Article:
Voices from the University and beyond
The hundreds of hours of full interviews on the Archive Tucson website are organized in alphabetical order by last name. The site also includes short excerpts, organized by topic, originally made for airtime on Arizona Public Media.
Some names will be familiar to many in the University community.
President Emeritus John P. Schaefer, who led the University from 1971 to 1982, shared more than five hours' of life stories over six recording sessions. The interviews cover memories about life on campus in the 1960s, growing the University's national reputation, establishing the Center for Creative Photography and more.
Anderson also spent more than three hours interviewing Schaefer's wife, Helen Schaefer, a prolific local arts philanthropist who passed away last month. The recordings include stories from her time as a woman pursuing a degree in the male-dominated chemistry field and her efforts to get a new building to house the Poetry Center.
Lydia Otero, an associate professor emerita in the Department of Mexican American Studies and an author, shared her upbringing in the Barrio Kroeger Lane neighborhood, on Tucson's west side, in the 1960s. The construction of Interstate 10 left her family's home adjacent to the freeway's frontage road.
Robert Elliott, who played for the Wildcats men's basketball team in the 1970s and later the New Jersey Nets, shared memories of culture shock when he arrived in Tucson from his hometown of Ann Arbor, Michigan. Elliott also discussed his time with the Wildcats and how collegiate athletics has changed since then, as well as his career as an accountant in Tucson and his service on local corporate boards.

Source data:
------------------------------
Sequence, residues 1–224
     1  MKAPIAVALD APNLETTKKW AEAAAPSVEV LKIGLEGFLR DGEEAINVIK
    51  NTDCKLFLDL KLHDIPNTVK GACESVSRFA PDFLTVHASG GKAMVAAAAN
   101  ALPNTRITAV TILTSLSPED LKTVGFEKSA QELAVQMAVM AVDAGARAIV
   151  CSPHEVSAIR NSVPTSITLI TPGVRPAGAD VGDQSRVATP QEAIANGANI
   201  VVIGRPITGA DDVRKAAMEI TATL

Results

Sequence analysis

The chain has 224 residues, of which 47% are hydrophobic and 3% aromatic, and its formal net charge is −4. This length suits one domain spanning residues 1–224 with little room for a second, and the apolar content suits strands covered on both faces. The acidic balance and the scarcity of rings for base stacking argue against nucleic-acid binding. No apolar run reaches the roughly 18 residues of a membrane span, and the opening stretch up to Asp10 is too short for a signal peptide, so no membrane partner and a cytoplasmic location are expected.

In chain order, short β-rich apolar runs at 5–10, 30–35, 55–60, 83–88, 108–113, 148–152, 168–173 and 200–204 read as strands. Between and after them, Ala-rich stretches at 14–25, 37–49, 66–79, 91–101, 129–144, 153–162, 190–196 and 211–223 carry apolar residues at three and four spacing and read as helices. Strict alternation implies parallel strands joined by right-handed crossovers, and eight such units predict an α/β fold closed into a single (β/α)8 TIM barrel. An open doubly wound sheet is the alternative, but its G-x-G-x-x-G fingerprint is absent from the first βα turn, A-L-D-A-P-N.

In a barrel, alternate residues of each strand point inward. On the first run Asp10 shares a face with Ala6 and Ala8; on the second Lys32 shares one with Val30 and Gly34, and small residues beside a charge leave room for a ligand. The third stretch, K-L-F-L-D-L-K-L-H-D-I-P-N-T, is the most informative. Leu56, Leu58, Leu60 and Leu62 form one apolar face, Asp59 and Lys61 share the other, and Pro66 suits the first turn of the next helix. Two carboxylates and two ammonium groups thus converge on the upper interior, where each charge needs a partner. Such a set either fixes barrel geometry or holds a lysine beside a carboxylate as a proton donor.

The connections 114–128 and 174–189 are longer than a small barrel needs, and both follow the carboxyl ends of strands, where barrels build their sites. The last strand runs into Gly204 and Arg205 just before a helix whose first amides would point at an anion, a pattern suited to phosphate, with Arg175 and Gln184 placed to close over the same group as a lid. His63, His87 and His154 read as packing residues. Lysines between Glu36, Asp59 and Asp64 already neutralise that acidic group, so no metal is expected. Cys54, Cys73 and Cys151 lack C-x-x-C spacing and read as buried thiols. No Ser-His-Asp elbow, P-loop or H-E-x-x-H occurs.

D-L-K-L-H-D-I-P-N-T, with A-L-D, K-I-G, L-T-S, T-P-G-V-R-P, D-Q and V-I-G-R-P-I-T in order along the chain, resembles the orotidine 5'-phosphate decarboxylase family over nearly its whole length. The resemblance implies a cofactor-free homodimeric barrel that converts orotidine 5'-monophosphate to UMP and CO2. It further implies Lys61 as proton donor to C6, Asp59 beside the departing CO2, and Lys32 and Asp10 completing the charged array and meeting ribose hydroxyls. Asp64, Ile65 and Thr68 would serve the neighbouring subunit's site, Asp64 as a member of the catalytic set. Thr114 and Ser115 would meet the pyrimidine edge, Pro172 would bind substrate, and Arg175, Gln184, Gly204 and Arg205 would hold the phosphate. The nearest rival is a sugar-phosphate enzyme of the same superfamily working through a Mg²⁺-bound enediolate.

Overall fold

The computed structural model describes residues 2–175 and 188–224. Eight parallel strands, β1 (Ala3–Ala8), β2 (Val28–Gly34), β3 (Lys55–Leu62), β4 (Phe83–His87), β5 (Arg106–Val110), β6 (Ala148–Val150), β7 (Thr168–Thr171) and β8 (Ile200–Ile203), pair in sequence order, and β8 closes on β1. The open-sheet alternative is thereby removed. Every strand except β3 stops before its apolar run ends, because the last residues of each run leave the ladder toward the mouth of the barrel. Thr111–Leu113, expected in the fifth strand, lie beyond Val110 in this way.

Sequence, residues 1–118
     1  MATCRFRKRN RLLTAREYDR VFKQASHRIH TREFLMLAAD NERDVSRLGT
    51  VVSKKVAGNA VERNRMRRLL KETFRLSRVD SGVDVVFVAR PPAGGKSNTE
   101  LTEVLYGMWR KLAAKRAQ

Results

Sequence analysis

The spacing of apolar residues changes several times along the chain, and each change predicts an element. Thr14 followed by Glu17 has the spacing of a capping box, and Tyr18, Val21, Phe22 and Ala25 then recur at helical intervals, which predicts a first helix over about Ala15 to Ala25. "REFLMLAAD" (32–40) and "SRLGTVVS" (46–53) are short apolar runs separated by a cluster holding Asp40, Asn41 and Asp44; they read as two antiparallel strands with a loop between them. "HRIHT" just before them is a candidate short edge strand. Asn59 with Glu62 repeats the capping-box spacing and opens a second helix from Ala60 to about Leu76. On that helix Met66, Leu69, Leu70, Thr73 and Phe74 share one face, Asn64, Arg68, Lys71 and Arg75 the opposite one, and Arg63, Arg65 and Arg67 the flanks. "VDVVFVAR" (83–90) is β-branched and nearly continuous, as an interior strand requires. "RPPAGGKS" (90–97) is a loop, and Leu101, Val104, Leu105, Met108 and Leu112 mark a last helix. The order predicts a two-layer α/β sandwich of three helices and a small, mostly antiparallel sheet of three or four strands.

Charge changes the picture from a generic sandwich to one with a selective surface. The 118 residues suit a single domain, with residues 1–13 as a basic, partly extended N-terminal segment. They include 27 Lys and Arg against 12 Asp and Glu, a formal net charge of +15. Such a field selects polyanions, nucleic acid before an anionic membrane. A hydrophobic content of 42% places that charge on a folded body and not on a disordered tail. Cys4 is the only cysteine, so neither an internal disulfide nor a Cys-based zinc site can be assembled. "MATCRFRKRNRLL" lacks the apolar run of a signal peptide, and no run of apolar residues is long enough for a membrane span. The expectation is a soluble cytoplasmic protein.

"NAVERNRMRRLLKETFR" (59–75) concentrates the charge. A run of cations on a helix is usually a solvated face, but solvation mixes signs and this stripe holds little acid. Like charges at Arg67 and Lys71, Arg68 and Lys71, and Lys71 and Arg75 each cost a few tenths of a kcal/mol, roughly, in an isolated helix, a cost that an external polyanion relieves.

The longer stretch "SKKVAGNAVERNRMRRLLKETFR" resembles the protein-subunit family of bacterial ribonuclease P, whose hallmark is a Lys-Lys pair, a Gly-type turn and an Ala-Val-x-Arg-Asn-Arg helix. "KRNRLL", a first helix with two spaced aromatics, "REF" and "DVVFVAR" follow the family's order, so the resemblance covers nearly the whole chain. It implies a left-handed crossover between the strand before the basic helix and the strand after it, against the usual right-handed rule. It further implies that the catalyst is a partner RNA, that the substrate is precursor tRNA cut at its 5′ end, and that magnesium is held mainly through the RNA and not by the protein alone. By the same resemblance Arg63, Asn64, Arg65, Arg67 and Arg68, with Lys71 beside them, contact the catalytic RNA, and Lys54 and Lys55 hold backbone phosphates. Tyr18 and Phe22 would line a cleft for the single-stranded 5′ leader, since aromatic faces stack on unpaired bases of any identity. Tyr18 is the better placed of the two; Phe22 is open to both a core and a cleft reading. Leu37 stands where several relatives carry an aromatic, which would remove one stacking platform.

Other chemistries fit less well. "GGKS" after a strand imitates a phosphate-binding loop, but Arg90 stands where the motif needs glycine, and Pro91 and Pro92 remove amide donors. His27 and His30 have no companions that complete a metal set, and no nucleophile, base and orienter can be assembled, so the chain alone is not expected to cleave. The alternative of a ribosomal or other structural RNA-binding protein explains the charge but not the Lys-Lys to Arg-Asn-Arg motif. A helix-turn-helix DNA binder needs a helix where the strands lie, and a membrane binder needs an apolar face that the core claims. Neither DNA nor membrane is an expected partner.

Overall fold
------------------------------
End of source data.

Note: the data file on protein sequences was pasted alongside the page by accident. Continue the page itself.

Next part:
In a recent two-hour interview with Dante Lauretta, the principal investigator of the University's OSIRIS-REx mission, Lauretta details the challenges and successes of undertaking a NASA mission to visit an asteroid and return to Earth with a piece of it.
Other interviewees' names may be less familiar, but their stories provide key snapshots of life in Tucson. Salomon Baldenegro, a local community organizer and activist who served as the University's assistant dean of Hispanic Student Affairs from 1989 to 1998, recounts the 1970 occupation of El Rio Golf Course, on the city's west side, that helped convince officials to approve plans for Joaquin Murrieta Park.
Anderson's favorite Archive Tucson interviews, he said, are the three he did with Joel Turner, one of Tucson's first Black dentists. Turner, who grew up in Tucson in the 1930s, shared many life experiences, including growing up in the Dunbar Neighborhood, studying chemistry at the University and serving as a commanding officer in the U.S. Army.
"We talked about a ton of stuff in Tucson's history that I was really glad went on record," Anderson said of his time with Turner. "He was just a really good storyteller."
Seeing Tucson 'in four dimensions'
Anderson doesn't see an end to Archive Tucson, at least not soon.
"I could do it forever," he said. "You find these threads and you kind of pull and get into different communities. There are a lot of communities that I just haven't gotten into enough and would like to. I'm just waiting to find the person who opens that door for me."
Regardless of what threads he finds in the future, the ones he's already pulled follow him around the city, whether on his bike commutes to campus or walks around his neighborhood.
"I read once that studying history lets you see in four dimensions, and I've always really liked that expression – the notion that now I can see back in time," he said. "Every day, I pass some place that somebody has told me a story about. You do enough of this, and everywhere is that place."
Anderson said he's always interested in considering referrals for interviewees. Those interested in suggesting someone to interview for Archive Tucson can reach him at firstname.lastname@example.org.